In my post yesterday about PNC Park, I forgot to mention that one of the really great aspects of the home of the Pittsburgh Pirates is its homage to four heroes in the form of statues just outside the baseball stadium.
The one depicted here, whose career not only predated the end of the color line but the dawn of the home-run era, is probably least familiar to the modern fan, but he looms large in franchise history. There’s a reason why Johannes Peter “Honus” Wagner, though life-size like the other three statues, is mounted on a pedestal: He helped put Pittsburgh on the baseball map at the turn of the last century.
The statue, by local sculptor Frank Vittor, was transported from Forbes Field, then to Three Rivers Stadium, and finally to its present site, just outside the main gate of PNC Park. It stands above the common herd, the way the Pirate faithful regarded him in life. (They didn’t even hold it against him when he held out for more money before the 2008 season.)
Because of that vantage point, you might not notice the unusual gait of this baseball demigod. Look more closely, though, and you’ll see the player described by Cait Murphy in her fine account of the 1908 season, Crazy ’08: “the long, long arms, ending in paws the size of mitts; the ungainly gait; the slumping shoulders; the sleepy eyes; the big feet; the slouchy posture at the plate.”
The statue shows Wagner having followed through on his swing, so it takes a little while before you observe the bent knees. Few on the diamond missed that, though, including Pirates catcher George Gibson, who said: “I’ll say he had bowed legs. He couldn’t stop a dog in an alley.”
He came by his nickname, “The Flying Dutchman,” partly because of his ethnic heritage and partly because of his speed, especially the 722 stolen bases he amassed throughout his career. But he excelled at other aspects of the game, too, including hitting (National League batting champ in eight of his 17 seasons) and fielding (he was generally considered the top defensive shortstop of his time). He retired with a career batting average of .327, along with 3,415 hits. He was considered elite, a distinction that continued in 1936 (when he was elected one of the inaugural members of Baseball’s Hall of Fame along with Babe Ruth, Ty Cobb, Walter Johnson and Christy Mathewson) and even up to today (baseball historian Bill James has written, “Acknowledging that there may have been one or two whose talents were greater, there is no one who has ever played the game that I would be more anxious to have on a baseball team”).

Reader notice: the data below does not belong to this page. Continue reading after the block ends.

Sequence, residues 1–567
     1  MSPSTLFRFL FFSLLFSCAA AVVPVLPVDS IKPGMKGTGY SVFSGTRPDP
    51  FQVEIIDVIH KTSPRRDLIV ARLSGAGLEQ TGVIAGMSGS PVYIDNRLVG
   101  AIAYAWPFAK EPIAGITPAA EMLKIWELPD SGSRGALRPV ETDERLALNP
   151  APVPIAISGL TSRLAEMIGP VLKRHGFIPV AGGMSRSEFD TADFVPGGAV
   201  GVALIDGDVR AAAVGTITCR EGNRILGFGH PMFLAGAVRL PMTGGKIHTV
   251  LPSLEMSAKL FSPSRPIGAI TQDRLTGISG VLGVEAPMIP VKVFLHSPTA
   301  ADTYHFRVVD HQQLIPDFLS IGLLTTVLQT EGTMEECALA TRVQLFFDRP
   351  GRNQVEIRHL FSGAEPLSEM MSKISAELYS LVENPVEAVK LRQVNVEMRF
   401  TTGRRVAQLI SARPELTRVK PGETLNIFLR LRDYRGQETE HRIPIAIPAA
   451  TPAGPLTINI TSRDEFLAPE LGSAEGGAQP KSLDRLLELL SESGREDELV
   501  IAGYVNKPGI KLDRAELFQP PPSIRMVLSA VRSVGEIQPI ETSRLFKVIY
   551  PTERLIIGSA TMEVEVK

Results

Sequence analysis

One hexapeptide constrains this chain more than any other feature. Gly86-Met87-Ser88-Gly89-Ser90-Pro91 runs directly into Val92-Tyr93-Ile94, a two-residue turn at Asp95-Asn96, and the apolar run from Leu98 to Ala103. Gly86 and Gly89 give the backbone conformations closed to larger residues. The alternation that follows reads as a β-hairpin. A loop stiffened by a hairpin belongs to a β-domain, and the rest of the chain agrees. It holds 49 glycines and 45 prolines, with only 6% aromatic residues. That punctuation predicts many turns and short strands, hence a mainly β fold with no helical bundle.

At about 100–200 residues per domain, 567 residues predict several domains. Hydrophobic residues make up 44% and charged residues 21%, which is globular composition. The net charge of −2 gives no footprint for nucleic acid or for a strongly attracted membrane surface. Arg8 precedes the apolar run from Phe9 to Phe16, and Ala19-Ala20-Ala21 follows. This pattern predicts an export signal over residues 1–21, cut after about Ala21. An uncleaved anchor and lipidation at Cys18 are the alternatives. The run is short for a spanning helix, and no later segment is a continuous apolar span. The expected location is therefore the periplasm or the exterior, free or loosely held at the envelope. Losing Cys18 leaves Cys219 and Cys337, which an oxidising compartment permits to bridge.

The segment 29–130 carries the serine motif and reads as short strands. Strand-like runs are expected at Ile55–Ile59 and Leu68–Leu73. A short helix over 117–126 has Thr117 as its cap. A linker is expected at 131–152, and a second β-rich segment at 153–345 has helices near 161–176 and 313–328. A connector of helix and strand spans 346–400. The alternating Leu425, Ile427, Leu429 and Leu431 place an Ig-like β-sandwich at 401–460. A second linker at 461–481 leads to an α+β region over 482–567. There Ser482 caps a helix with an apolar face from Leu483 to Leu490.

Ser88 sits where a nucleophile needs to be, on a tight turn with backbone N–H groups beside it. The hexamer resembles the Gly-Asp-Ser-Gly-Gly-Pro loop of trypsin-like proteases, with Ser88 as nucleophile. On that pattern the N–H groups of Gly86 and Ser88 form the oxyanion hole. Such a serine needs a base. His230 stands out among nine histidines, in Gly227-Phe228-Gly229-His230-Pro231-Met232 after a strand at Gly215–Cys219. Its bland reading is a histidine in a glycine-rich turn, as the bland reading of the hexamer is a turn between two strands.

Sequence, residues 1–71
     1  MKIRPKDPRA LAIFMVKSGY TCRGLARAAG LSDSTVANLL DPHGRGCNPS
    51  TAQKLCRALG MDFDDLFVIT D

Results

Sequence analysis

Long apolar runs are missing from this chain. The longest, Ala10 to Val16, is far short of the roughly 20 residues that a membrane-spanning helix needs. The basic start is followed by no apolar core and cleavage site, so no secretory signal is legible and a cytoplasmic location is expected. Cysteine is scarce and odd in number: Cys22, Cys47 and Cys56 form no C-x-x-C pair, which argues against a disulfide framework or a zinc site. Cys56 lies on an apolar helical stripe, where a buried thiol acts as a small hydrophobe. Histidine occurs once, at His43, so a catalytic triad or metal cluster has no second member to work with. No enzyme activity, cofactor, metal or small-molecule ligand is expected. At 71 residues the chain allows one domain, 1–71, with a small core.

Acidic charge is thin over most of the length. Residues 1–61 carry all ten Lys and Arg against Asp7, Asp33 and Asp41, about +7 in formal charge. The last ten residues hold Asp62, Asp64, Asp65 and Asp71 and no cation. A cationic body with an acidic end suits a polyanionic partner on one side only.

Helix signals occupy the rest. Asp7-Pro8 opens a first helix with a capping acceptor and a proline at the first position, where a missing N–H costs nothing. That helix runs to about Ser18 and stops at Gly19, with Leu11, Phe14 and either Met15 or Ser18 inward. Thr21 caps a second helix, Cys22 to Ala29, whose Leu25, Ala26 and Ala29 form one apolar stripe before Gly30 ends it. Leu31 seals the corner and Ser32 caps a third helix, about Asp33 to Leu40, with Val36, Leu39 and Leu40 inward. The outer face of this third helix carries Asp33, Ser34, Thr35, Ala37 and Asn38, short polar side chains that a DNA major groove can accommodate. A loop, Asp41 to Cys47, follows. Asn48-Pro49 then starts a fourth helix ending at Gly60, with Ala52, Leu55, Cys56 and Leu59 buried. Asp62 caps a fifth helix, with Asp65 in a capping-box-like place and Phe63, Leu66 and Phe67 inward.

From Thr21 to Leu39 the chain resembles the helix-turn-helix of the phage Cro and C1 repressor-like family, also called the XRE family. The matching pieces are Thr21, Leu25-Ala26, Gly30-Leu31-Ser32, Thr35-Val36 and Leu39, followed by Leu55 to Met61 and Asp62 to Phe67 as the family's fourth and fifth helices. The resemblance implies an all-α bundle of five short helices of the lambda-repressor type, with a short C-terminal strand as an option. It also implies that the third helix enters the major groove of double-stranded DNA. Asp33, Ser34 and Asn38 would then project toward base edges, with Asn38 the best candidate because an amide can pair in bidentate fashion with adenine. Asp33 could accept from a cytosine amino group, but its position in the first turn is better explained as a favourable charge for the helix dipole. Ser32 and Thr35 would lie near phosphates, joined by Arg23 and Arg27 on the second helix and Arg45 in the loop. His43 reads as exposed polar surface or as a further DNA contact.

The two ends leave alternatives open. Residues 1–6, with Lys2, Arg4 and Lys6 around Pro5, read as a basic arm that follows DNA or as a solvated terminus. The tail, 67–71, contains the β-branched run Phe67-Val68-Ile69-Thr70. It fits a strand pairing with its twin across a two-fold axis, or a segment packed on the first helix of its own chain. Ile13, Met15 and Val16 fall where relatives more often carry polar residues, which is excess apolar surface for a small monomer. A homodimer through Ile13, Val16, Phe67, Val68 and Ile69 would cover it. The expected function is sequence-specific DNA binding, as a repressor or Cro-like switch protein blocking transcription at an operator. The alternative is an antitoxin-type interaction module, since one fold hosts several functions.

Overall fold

Just how good was Wagner? There have been other shortstops who probably surpassed him in individual aspects of the game (e.g., Ernie Banks and Cal Ripken in power, Ozzie Smith in defense). But—sorry, Derek Jeter!—the question of the greatest shortstop of all time begins and ends with Wagner.
(Well, there is one area where the Yankee captain beats the Flying Dutchman: scoring off the field. It took Wagner eight years of courting before he got around to marrying Bessie Baine Smith, and he does not sound like a randy fellow. On the other hand, Jeter’s record in this regard—dating the likes of Mariah Carey, Hannah Davis, Jessica Alba, Jessica Biel, Minka Kelly, and Jordana Brewster—has been so startling that the young Mets ace Matt Harvey—no slouch himself at dating supermodels—sees the longtime shortstop of the Bronx Bombers as “the model,” he said in an interview in the current issue of Men’s Journal: “'I mean, first off, let’s just look at the women he’s dated. Obviously, he goes out — he’s meeting these girls somewhere — but you never hear about it. That’s where I want to be.”)
Wagner’s genial nature was accompanied by a homely wisdom about all matters relating to baseball, perhaps most of all when he noted, “Bats are strange and moody things.” (I don’t know why this statement hasn’t made it into Bartlett’s Familiar Quotations or been committed to memory by any player who ever strides to the plate.)